2) After reading books like McDonald`s Fall on my Knees and McKay`s Birth House (both were good novels) and feeling totally depressed when I finished them, why not foray in to humourous Canadian novels - they do exist and this one is proof!  To the Leacock nominees I shall go!

Thursday, April 5, 2012

Paradise, not what it is cracked up to be...

This is the other novel that dogged me through the month of March. I did finish it on Tuesday, however, it has taken me this long to commit something to blog. This month, my bookclub went out on a limb to try something completely different, and this non-fiction book is what we came up with. Great title, and a very interesting look at what life is like in the South Pacific (not what I imagined, fancy that). although the write up claimed that this book was "rip-roaringly funny" which I would argue with to that degree of hilarity, it was amusing, and I did laugh out loud at times, even while I cringed at some of Maarten and Sylvia's adventures.

While on the topic of the tropics, I have to give a big shout out to my friend Naomi and her partner John, traipsing through the South Pacific,cruising away through these tropical climes. I have thoroughly enjoyed reading their adventures, and this book was a good complement the pictures and stories as they have made their way along through this region. Knowing folks traveling through Tarawa and Kiribati, and seeing their pictures really brought this book to life for me.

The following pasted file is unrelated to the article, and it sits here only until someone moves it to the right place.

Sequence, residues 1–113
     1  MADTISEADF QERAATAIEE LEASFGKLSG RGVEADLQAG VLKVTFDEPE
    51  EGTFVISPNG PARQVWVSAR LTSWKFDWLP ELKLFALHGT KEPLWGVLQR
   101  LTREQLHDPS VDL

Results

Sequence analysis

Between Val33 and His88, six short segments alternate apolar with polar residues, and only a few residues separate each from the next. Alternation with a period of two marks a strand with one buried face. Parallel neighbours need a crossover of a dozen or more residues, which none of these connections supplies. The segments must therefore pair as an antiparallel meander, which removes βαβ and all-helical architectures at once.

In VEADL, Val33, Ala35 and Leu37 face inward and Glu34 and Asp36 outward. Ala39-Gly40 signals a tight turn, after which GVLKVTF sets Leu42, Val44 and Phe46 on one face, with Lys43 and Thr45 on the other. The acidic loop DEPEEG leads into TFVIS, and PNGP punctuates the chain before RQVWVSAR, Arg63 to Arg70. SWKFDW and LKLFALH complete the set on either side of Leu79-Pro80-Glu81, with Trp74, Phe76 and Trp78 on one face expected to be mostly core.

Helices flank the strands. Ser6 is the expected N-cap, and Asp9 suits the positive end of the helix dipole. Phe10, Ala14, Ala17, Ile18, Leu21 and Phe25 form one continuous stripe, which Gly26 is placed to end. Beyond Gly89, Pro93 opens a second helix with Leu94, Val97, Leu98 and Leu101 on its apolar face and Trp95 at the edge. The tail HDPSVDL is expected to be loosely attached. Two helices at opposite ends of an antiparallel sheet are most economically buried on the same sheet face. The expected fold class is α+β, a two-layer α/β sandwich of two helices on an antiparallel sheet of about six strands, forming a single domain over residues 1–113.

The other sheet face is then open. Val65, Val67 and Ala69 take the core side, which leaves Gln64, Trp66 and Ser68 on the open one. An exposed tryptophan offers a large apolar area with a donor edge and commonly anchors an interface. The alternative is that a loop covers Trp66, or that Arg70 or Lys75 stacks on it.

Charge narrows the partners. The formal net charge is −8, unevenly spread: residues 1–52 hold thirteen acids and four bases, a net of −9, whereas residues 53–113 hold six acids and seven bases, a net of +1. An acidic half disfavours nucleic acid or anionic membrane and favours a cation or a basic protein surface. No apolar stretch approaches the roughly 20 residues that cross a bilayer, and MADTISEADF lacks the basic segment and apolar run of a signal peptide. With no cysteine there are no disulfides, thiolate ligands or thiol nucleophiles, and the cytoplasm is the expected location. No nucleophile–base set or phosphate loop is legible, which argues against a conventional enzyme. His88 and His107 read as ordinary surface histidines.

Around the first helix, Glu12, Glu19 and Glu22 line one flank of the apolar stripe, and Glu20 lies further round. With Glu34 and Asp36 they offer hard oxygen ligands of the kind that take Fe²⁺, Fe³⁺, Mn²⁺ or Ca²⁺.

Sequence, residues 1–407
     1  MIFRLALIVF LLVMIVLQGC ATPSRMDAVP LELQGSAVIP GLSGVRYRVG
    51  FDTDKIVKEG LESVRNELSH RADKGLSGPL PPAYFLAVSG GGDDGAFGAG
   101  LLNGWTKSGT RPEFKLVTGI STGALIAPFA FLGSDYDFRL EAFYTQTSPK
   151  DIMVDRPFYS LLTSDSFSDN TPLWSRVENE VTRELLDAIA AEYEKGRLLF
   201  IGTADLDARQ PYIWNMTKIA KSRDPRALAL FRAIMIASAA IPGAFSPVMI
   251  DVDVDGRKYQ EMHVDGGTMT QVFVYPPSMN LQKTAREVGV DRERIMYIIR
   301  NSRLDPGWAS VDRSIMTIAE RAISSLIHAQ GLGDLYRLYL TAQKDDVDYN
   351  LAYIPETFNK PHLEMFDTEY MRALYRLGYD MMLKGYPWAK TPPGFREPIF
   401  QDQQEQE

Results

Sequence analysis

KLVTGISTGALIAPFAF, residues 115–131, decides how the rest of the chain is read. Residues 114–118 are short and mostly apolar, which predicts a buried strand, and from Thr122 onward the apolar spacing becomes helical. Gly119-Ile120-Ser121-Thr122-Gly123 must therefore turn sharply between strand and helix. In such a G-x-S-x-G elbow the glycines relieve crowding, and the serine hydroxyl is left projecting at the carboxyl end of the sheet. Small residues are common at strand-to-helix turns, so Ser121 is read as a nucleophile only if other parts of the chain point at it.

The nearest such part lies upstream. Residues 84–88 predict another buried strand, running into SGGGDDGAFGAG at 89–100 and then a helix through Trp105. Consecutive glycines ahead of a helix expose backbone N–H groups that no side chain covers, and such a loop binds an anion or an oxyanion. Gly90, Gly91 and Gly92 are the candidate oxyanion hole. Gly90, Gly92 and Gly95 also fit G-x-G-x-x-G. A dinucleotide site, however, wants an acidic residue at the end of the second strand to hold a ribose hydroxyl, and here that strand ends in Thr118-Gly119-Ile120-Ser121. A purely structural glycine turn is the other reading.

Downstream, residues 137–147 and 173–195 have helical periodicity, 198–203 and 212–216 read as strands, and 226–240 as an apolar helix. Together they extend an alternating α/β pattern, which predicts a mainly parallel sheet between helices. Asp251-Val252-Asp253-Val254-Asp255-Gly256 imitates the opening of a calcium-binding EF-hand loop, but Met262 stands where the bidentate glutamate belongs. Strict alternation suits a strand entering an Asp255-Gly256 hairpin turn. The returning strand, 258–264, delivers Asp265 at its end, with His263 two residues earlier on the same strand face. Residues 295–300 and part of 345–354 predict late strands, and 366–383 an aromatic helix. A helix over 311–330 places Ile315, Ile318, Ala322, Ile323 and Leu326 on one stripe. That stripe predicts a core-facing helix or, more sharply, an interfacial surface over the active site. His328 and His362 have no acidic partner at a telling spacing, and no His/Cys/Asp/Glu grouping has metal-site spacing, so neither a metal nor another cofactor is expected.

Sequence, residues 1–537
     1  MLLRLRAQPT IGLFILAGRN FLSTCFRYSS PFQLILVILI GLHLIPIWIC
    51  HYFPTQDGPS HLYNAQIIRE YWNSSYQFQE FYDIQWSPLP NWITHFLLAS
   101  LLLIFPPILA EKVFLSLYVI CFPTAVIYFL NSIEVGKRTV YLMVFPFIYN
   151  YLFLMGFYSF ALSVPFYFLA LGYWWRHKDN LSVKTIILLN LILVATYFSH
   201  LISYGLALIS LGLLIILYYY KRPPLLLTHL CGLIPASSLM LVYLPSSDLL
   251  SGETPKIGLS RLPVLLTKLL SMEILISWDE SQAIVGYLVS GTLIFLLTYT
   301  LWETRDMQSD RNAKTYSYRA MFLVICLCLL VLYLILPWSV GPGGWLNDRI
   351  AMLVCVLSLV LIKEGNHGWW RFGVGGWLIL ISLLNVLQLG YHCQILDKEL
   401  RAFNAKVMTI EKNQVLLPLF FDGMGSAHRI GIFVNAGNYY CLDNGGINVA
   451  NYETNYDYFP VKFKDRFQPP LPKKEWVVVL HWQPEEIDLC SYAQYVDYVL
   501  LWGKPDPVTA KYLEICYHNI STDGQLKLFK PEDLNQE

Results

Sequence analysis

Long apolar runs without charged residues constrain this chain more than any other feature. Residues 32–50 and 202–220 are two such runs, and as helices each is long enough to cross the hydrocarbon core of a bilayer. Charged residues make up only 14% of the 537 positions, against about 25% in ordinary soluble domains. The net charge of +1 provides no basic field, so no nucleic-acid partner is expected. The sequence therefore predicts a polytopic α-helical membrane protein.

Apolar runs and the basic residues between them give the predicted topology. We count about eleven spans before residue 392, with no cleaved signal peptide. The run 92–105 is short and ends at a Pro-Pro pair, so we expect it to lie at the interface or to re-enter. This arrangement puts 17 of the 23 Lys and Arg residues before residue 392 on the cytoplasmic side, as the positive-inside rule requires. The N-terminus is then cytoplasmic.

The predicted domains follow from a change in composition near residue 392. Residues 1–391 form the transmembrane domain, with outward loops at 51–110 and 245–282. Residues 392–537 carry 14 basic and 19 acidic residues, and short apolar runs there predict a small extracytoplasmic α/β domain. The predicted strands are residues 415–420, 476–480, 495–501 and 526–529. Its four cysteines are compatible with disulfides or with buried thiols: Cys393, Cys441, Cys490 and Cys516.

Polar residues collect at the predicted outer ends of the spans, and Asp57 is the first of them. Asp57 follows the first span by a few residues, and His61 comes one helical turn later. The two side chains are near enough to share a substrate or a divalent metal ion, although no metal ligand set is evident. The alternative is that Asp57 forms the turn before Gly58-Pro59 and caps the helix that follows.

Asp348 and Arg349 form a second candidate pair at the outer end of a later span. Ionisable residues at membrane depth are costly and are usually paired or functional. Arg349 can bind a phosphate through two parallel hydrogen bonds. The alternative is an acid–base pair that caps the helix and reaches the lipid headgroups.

Definitely insightful, and although the Macarena and Ice Ice Baby are not personal faves, I will look at songs like this differently out of sheer sympathy for the novelist being subjected to this kind of music, over and over again in paradise. It took me a while to really get in to this book, but by the end, I was thoroughly enjoying their adventures and will more than likely read his follow up novels. Life on an atoll is not what I expected, although truly, I am not sure what I expected. Perhaps not the quite subsistence existence of the people, and how they deal with day to day living. This novel makes you question how aid is provided, and how should funding be delivered to nations that need help - the true distance between bureaucrats and people on the ground, doing the grassroots assistance rather than writing and executing policies that won't work.

This novel makes me appreciate human ingenuity, and makes me think that many North Americans are losing this quality with their dependence on ready made goods and disposable technology. There are a few lessons to be learned (gently) though this book in between the laughs. It makes me grateful C is almost out of diapers, and why oh why would we send diapers to an atoll where they can't be disposed of? I look around a little more appreciatively of the comforts we have, my house with all of its things, and the richness of our land. I am also glad I am resourceful, and can make do, and make things... and I want to learn to stand up paddle board, and try surfing again, and go back to an island in the pacific with the sun in my face again. One day (and fingers crossed this time we all be in better health).